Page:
David Codrea published an article today about an interesting letter one law abiding silencer owner received from the ATF. The silencer owner in question owns an AWC .22lr silencer that uses a material made of tangled copper ropes to slow down the expanding gasses, a material not unlike the common Brillo pad or Chore Boy Pot Scrubber. He wanted to know whether it would be legal to replace the worn out material in his legally owned silencer with some pot scrubber material, an act which seems pretty innocuous to the impartial observer. The ATF, on the other hand…
From the ATF’s reply:
“[S]ound/gas absorbing materials manufactured from Chore Boy copper cleaning pads, along with fiberglass insulation, constitute a silencer.
Therefore, it is illegal for an individual to replace deteriorated material within an already- registered suppressor without an approved ATF Form 1, ‘Application to Make and Register a Firearm,’” along with a “$200.00 making tax” and “a ‘no-marking’ variance…since there is no viable area in which to apply a serial number to the sound-absorbing material.”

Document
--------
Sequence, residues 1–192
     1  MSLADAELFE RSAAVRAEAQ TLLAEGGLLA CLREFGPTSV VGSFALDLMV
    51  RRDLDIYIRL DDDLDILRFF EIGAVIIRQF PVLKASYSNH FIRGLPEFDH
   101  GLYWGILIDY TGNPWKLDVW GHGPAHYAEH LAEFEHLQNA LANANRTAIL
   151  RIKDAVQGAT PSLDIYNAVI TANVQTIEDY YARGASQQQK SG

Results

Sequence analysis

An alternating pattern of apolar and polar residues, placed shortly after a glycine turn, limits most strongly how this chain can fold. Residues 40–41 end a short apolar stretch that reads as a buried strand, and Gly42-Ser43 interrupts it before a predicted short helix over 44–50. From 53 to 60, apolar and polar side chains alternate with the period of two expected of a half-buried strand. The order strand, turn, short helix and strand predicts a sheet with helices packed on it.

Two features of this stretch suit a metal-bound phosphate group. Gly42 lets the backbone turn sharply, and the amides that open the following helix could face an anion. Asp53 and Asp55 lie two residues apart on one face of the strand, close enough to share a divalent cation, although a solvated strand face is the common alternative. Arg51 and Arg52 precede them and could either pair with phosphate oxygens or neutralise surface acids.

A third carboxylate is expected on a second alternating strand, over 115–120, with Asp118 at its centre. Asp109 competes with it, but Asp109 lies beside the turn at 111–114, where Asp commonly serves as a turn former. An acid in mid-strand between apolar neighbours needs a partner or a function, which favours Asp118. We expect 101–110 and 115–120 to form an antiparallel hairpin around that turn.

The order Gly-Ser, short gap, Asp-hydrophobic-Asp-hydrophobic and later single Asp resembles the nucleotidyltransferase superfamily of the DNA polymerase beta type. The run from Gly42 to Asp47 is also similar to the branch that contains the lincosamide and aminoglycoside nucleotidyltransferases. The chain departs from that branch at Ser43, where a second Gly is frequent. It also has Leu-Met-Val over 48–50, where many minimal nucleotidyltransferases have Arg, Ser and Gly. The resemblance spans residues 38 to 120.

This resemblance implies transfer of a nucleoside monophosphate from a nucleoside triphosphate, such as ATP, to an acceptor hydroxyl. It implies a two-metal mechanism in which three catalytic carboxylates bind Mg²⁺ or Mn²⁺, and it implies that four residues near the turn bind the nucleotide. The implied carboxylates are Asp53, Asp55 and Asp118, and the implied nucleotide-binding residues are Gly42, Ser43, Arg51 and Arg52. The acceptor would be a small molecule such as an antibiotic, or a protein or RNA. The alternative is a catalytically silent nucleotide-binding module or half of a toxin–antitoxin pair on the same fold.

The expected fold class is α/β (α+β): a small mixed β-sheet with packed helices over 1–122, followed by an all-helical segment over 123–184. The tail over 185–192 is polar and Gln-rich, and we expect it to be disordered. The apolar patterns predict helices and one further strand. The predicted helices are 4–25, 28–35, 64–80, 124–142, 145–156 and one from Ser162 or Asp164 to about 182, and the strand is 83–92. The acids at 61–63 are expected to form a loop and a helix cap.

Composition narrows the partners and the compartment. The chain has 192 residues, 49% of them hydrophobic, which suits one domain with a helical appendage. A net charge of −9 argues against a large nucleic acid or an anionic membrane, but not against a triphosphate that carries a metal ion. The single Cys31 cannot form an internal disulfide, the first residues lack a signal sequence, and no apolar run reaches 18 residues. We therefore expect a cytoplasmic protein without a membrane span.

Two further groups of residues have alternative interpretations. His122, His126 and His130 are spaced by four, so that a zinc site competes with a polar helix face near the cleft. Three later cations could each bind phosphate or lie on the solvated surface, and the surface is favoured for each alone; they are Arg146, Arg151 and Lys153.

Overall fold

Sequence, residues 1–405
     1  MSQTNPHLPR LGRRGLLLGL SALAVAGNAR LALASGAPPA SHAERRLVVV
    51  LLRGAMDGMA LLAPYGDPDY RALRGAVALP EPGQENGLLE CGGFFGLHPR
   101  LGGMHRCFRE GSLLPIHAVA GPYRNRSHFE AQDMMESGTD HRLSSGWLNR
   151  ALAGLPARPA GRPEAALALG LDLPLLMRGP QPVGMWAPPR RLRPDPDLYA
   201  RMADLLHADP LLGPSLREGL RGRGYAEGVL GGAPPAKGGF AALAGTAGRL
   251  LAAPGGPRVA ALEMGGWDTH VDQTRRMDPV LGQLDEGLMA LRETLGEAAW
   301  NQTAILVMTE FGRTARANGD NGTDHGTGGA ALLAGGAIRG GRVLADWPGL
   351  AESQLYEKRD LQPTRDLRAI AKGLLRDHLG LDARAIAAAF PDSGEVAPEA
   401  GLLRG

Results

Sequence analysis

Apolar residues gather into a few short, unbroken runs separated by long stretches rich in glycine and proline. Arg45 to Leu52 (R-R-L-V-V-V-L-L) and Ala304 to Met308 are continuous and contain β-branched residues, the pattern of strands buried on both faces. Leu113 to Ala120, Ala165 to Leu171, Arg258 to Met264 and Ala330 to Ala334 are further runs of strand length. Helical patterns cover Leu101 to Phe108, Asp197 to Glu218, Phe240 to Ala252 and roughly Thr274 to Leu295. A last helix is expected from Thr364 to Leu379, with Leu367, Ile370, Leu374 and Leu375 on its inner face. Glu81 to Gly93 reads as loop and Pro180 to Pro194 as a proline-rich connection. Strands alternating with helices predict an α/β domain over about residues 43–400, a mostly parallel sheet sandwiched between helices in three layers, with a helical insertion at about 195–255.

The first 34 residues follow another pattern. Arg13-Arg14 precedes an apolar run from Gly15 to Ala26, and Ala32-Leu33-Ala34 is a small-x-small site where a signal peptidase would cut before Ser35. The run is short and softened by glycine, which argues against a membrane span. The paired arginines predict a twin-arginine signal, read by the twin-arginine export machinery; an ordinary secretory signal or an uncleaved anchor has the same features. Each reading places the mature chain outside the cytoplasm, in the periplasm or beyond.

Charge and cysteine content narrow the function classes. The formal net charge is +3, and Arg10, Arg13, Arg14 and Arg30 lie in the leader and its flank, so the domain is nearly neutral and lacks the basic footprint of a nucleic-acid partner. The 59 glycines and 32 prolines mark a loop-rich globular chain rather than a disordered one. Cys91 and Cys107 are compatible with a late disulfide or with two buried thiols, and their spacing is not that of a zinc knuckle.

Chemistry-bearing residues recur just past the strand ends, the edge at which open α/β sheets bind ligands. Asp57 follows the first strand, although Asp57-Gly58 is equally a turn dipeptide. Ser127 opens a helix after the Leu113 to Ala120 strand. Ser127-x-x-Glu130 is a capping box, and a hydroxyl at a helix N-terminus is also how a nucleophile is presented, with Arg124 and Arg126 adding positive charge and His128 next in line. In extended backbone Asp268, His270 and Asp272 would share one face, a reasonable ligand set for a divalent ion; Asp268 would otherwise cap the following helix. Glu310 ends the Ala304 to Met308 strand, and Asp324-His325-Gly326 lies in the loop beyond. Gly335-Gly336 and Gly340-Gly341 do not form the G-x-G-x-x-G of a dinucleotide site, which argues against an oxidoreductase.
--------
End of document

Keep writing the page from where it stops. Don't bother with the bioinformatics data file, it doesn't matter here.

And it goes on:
So if someone wanted to replace the padding in their silencer they’d need to submit two new sets of fingerprint cards, two new photographs, a signature from their local chief law enforcement officer, $200 and a set of newly filled out Form 1 applications and then wait 4 months for a reply. All for an item they already own legally, and at the end of the day they will still have only one NFA item.
But that’s not all. The original letter included a question about the owner of a legally owned silencer having a reserve of such pads. In case, you know, they needed to clean something. According to the ATF that would be considered a “stockpile” and considered an illegal act.
David has the full letter on his site which can be seen here.